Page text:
Just as planned, we visited the Victoria Peak on the first day and the Dragon’s Back on the second one. Her favorite part was the beach at the end of the Dragon’s Back trail. I didn’t plan to stay there at all but she liked the water so much that we spent there more than an hour. She told me that she finds her Hungarian name Áfonya boring, and she wants a new one. I recommended Burgonya. Which means potato. That’s good, she said, she loves potato a lot. But when it came to pronouncing it, she gave up after a few attempts (Asians have serious problems with pronouncing the letter R) and decided to keep being Áfonya. From the beach we took a bus to Kowloon, visited the Science Museum which was free but quite boring and just started to walk around the streets.
A bit later she asked me to go to a supermarket, just to look around. She was staring at the pasta sauces for ages and she said that she really likes to practice how to pronounce their names. In the pet section she told me that she has tried dog food and cat food, and the cat food tastes much better. Especially the one with fish. She also told me that her favourite vegetable is the broccoli but she’s only eating it because its name sounds so great. We spent more than half an hour in the supermarket. She didn’t buy anything. We just left and took the ferry back to the Hong Kong Island.
One time we stopped at a corner because she wanted to smoke. While I was standing next to her, a middle aged white businessman passed by. He looked at me, smiled a bit and nodded. I looked back at him, replied with a semi-smile and nodded back. Wow, what was that, asked Áfonya. What was what, I asked. Your spirits just crashed, she said and just kept smoking. Like it was the most obvious explanation ever. She probably forgot her answer in about five seconds but for me it was a quite impressive reaction. In the Western world people say hi to each other. In the Eastern world their spirits crash.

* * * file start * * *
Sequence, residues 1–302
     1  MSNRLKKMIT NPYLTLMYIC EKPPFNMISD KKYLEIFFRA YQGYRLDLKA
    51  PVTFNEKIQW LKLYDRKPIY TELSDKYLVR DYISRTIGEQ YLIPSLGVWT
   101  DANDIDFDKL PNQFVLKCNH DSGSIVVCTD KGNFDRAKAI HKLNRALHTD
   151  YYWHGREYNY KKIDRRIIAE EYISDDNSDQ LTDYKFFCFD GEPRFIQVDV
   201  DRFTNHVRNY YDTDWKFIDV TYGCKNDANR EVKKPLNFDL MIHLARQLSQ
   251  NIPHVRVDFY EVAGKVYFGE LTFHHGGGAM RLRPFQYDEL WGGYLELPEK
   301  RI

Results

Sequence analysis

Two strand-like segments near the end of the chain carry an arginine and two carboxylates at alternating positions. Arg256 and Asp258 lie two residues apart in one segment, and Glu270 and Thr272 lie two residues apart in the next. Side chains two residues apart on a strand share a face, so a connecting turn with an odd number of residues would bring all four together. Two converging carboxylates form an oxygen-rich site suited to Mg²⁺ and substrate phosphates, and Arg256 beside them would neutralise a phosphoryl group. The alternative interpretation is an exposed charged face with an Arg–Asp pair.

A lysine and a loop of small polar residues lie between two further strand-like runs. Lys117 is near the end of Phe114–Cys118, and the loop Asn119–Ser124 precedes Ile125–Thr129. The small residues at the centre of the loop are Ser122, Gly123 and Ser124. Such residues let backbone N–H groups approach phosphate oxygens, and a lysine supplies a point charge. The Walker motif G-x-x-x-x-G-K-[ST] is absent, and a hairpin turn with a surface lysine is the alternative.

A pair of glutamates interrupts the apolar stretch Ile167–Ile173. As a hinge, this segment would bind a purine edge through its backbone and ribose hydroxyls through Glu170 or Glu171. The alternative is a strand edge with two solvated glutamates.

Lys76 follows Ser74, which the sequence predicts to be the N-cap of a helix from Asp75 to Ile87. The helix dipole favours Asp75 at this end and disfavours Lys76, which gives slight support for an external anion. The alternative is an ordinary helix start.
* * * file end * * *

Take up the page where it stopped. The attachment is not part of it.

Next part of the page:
I guess the small differences between interpreting everyday stuff like this are one of the main reasons for my attraction to Asian brains. Or Asian spirits. Whatever.

Chengdu, Nina

Speaking of interpretation. My next flight brought me to Chengdu, China, where I met Nina. The plane was late by more than 5 hours but it didn’t stop her to keep waiting for me at the airport. We went to my hostel first, then to a restaurant where she introduced me to the super spicy Chengdu hotpot.
Nina is studying translation and interpretation but she definitely prefers the latter one. She said that she wants to be the world’s top Chinese-Japanese-English interpreter. Which might sound a bit ridiculous at first but she does take it seriously. We started our exchange studies together in Sapporo. I started the language courses at level 1, then went home after one semester and forgot everything in a few weeks. She started the language course at level 2, spent the winter holidays by learning on her own so she could skip one level and continued her next semester at level 4. At the end of the second semester she took a Japanese-Language Proficiency Test and passed the N1, which is the highest level a human can get. She went back to China, took internships, visited conferences, made who knows what else to gain more experience in interpretation. Right now she’s in Ottawa, Canada, in a summer school and she’s already got a scholarship to the UK for the next year at the end of which she will receive her masters degree. Not bad from a 22-years-old, I’d say.
To be a good interpreter, you not only have to know what the people say but also what they actually mean. To improve the skill of finding out the latter one, Nina’s big project is to get familiar of how the brains in the Western world function. This is where I come in the picture. She told me once that she finds my thinking interesting and talking with me is an opportunity for her to get know new opinions.
Sometimes when I answer her something, she just repeats it slowly, word by word, like she would try to put it in the right place, probably wondering why I used those words and not any other ones. Which I obviously couldn’t explain, since I’m doing it quite spontaneously. Anyway, I have the responsible task of providing an insight to the Western mindset for the future’s best interpreter. It’s a role that’s worth to appreciate.